Absent friends

When a soldier dies in action, the press no longer gathers at the family doorstep. A government website now provides poignant, ready-to-use quotes. But does it also stop newspapers asking awkward questions?

It was hardly what you would describe as a media scrum. Two agency reporters, one sent by a national and one by a local paper, plus a couple of photographers, parked in a quiet road near Hampton Court Palace, doing their best to piece together the details of the life of a soldier killed in Iraq.

Within hours of the Ministry of Defence releasing the news that Sergeant Simon Hamilton-Jewell, 41, of the Royal Military Police, had been killed in action in June, reporters were on the doorstep of his elderly mother, politely and gently enquiring if the family would like to comment.

It isn't always so civilised. A full-scale media pack on a really juicy story can be an unedifying spectacle, but on this occasion, realising that the family was still stunned with grief, reporters respectfully left them alone and concentrated on talking to neighbours. Susan Hill, 26, an International News Service (INS) reporter, remembers: "I had knocked once and talked to his brother, who was very distressed. He told us that the Army would release a picture. So we were all parked down the road, when along came a police officer asking us to go away and leave them alone."

Shortly after that, the INS boss, Neil Hyde, received a phone call from a senior Army press officer, demanding that he "call the dogs off": "We were told that they were putting everything up on their website," he says, clearly surprised at such a heavy-handed reaction.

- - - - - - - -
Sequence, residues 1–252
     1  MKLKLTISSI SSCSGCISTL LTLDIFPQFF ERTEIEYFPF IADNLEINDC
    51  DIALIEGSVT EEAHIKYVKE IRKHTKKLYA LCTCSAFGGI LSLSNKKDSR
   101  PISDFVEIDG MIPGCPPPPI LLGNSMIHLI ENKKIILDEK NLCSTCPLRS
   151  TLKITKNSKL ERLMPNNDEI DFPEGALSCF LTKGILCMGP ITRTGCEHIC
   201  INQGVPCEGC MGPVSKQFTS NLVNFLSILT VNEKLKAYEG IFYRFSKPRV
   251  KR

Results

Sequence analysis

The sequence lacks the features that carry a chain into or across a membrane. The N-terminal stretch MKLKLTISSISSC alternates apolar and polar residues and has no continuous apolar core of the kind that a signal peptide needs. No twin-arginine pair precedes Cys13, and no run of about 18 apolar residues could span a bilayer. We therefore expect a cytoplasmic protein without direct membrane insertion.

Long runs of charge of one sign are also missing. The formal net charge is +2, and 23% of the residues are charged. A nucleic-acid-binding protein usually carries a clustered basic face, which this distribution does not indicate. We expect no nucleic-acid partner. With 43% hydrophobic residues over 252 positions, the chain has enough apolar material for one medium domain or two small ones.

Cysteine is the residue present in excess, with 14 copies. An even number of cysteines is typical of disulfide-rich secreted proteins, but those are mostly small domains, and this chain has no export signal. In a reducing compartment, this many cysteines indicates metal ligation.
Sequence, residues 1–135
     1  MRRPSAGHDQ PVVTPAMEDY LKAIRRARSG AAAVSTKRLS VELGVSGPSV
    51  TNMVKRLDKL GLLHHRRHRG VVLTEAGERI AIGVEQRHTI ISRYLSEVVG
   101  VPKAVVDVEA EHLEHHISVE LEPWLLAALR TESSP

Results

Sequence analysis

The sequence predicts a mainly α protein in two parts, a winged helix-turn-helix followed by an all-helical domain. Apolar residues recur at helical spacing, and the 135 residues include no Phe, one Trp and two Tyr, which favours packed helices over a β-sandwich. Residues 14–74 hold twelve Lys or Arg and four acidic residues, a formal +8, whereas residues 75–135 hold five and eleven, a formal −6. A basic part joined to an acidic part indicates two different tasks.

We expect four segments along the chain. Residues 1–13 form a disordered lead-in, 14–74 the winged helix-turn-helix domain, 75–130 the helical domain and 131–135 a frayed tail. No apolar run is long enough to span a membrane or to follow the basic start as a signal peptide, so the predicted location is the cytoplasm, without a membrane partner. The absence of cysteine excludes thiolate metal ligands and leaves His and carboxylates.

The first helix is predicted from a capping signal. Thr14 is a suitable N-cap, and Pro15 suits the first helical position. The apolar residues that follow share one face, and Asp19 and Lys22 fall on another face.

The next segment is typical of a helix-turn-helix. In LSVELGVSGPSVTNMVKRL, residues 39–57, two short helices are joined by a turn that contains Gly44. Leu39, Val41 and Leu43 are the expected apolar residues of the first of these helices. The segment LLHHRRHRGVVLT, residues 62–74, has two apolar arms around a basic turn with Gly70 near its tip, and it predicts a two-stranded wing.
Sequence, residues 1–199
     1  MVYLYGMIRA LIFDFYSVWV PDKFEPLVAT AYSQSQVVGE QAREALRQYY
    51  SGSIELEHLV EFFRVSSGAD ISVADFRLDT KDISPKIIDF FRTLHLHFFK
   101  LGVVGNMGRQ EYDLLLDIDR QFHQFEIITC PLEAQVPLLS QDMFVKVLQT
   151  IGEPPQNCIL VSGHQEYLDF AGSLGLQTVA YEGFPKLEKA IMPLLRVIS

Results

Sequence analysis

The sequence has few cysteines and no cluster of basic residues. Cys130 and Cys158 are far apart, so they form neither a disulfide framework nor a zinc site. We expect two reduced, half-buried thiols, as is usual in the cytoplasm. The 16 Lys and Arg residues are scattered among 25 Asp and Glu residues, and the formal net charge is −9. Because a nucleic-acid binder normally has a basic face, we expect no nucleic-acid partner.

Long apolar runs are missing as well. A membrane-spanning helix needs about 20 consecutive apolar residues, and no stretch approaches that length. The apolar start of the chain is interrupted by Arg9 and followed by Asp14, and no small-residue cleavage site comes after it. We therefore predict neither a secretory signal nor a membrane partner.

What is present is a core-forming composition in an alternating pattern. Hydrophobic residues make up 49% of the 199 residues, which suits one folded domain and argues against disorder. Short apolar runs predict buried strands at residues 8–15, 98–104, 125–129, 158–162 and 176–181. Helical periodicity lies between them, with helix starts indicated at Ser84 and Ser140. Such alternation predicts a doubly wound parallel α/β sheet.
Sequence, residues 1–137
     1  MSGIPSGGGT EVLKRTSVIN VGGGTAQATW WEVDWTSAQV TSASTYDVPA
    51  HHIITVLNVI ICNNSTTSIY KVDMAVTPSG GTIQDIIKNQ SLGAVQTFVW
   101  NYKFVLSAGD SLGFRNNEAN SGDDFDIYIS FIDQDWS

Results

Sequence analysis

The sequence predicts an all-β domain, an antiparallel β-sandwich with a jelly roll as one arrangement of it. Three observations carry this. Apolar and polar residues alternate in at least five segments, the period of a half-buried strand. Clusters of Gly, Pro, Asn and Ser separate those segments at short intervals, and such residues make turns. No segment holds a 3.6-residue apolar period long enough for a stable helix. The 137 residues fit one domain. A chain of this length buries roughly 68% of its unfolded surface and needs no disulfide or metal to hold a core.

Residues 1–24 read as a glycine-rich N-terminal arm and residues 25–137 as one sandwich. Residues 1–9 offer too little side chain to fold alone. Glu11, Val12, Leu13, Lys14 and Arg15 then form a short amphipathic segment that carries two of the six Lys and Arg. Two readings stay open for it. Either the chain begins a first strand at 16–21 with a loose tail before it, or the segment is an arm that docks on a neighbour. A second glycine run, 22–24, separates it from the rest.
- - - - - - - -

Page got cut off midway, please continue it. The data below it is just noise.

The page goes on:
Sure enough, the following day's papers uniformly carried approved quotes from the MOD website. As it happens, they were rich in quality, full of pride and love and, dare I say it, possibly better than your average hack could winkle out of a distressed relative: "A nod, a wink or a smile: 100 per cent human being, dedicated to life in full. He was a man keen to help anybody, a fearless man, biker, hiker and climber, But above all, a man dedicated to the Army, his regiment, his unit, and to his comrades."

A thoroughly decent tribute, nothing controversial, nothing upsetting to a grieving family. And pretty good PR for the Army. It is a pattern that has become familiar to reporters covering families' reactions to deaths in areas of conflict abroad. The MOD insists it's not about control, its about protection. It is adamant that its first priority is looking after families and helping them through such terrible times. A convenient spin-off, however, is that while the MOD is delivering enough human drama to keep the media satisfied, it is also preventing families from saying anything off-message.

One news-agency editor, based in a community with a strong military presence, says: "It's very good work by the MOD, but it could also be a way of having no awkward questions asked of the families. People aren't being asked their opinion of the war." It is unquestionably bad for his business - newspapers, happy to rely on MOD-supplied quotes, have not been using his services.

The MOD has come a long way since the early Seventies, at the height of the Troubles in Northern Ireland, when requests for comments were met with non-committal replies and promises to make a statement "when all the facts have been properly examined". Scores of press officers are now employed by the MOD, based with units all over the UK and abroad. In addition, specially trained casualty visiting officers advise bereaved families on what to expect from the press.